Feel Art Again: "The Triumph of Galatea"
Yesterday was the anniversary of the death of Jean-Baptiste van Loo. Though van Loo is not very well known today, he was frequently mentioned in late-19th and early-20th century dictionaries and encyclopedias of artists. His 1722 painting, "The Triumph of Galatea," is one of his better known works.
1. The van Loo family was quite the artistic bunch. Louis-Abraham van Loo, Jean-Baptiste's father, was a painter as well as art instructor to his sons. Jean-Baptiste's borther, Charles-Andre, also became a painter, as did Jean-Baptiste's two sons, Louis-Michel and Charles-Amedee-Philippe.
2. For five years, from 1737 to 1742, Jean-Baptiste stayed in England. There he painted the portraits of Colley Cibber (actor, playwright, and Poet Laureate), Owen McSwiny (theatrical manager), Sir Robert Walpole (generally regarded as the first Prime Minister of Great Britain), and the prince (Frederick) and princess (Augusta) of Wales.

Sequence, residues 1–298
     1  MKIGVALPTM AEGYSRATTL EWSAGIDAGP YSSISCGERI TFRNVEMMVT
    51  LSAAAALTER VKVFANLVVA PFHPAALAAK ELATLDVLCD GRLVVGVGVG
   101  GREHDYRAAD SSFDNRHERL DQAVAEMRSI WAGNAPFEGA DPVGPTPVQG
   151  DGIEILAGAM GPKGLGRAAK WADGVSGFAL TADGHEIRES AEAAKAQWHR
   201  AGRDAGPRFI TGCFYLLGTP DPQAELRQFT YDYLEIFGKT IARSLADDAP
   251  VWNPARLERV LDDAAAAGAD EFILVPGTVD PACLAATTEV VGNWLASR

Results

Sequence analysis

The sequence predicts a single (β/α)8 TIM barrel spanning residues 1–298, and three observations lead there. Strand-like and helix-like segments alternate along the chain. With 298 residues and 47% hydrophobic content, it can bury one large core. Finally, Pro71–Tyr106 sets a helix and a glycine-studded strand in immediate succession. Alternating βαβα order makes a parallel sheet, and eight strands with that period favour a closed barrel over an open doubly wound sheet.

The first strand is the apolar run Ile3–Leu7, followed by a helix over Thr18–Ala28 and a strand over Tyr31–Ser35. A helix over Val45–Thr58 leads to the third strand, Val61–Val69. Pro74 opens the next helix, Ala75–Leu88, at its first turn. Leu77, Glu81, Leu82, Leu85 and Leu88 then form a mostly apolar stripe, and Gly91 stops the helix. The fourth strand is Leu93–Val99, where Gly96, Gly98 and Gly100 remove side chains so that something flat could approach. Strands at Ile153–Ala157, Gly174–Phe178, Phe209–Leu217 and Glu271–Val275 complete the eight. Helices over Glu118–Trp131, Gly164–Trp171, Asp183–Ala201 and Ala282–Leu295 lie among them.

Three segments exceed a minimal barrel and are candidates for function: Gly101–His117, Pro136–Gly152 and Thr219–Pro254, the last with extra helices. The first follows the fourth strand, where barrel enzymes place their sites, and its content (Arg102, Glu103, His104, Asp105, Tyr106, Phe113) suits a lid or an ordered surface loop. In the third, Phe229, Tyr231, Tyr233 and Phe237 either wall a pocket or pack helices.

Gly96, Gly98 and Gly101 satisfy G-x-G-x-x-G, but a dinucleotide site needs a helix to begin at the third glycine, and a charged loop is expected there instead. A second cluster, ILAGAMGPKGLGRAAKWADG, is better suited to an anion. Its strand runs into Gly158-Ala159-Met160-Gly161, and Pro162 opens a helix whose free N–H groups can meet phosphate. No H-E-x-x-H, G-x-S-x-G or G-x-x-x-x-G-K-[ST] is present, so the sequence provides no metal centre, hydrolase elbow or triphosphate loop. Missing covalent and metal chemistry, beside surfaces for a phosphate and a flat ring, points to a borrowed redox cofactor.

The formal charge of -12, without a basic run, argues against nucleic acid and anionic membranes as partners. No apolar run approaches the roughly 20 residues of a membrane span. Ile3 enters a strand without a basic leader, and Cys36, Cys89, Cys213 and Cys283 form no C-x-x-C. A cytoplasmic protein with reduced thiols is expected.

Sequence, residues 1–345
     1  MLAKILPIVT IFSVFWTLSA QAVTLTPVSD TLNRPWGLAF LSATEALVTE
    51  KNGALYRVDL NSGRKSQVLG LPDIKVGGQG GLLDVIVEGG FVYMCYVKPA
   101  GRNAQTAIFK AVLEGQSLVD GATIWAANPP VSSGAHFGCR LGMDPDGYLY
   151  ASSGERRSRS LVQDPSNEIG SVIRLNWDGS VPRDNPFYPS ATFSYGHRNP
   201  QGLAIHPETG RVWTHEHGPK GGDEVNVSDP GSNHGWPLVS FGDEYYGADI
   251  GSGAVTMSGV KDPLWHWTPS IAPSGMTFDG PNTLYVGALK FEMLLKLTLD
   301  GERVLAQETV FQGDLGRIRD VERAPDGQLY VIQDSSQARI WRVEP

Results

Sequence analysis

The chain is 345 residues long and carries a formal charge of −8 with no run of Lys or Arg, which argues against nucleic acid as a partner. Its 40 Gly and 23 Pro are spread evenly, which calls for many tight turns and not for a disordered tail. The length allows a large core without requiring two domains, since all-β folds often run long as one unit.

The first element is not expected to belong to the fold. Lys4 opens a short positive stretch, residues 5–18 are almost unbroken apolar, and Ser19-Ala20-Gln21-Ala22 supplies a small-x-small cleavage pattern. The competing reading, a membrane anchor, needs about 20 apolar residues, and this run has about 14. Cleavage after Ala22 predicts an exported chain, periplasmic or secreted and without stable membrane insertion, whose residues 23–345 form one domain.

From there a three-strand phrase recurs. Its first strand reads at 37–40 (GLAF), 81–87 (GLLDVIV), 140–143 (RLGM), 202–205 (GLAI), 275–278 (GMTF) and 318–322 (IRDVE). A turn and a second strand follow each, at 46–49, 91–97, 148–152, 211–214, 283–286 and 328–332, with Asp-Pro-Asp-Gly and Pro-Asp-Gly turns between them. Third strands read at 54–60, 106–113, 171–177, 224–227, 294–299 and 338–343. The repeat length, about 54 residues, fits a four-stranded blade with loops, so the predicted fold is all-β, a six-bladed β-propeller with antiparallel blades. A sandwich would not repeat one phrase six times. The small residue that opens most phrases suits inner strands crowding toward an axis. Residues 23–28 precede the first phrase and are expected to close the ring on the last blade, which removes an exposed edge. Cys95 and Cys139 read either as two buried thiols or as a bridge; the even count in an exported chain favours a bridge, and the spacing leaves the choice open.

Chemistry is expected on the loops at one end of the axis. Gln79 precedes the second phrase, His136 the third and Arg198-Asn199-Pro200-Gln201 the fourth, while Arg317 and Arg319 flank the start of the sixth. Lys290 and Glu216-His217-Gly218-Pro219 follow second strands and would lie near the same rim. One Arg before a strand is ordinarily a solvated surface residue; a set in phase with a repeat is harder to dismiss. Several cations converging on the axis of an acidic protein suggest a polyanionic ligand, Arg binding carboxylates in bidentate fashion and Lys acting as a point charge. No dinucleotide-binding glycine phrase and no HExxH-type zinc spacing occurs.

3. The encyclopedias and texts from the late 1800s and early 1900s reference Sir Walpole, who apparently noted that Jean-Baptiste "bore away the chief business of London from every other painter." They also report that, while "his likenesses were very striking," they were "not often flattering."
4. "Galatea," which means "she who is milk-white," refers to three women in mythology. Of the three, the most well-known was the wife of King Pygmalion of Cyprus. Another was a Sicilian nereid, or sea nymph, who was in love with Acis, the son of Faunus and a river nymph. The final Galatea was the wife of Lamprus; she prayed to Leto that her daughter be turned into a son.
5. Jean-Baptiste van Loo's "Triumph of Galatea" is likely a representation of the Galatea who loved Acis. According to the story, the cyclops Polyphemus was jealous of Acis and thus killed him with a boulder. Galatea was distraught over the murder of her love, and so she turned his blood into the river Acis (in Sicily). However, no sources appear to document the inspiration or source of "The Triumph of Galatea."
A larger version of the work is available here.
'Feel Art Again' appears every Tuesday and Thursday. Well, except next Tuesday (Christmas). Or the Tuesday after that (New Year's Day).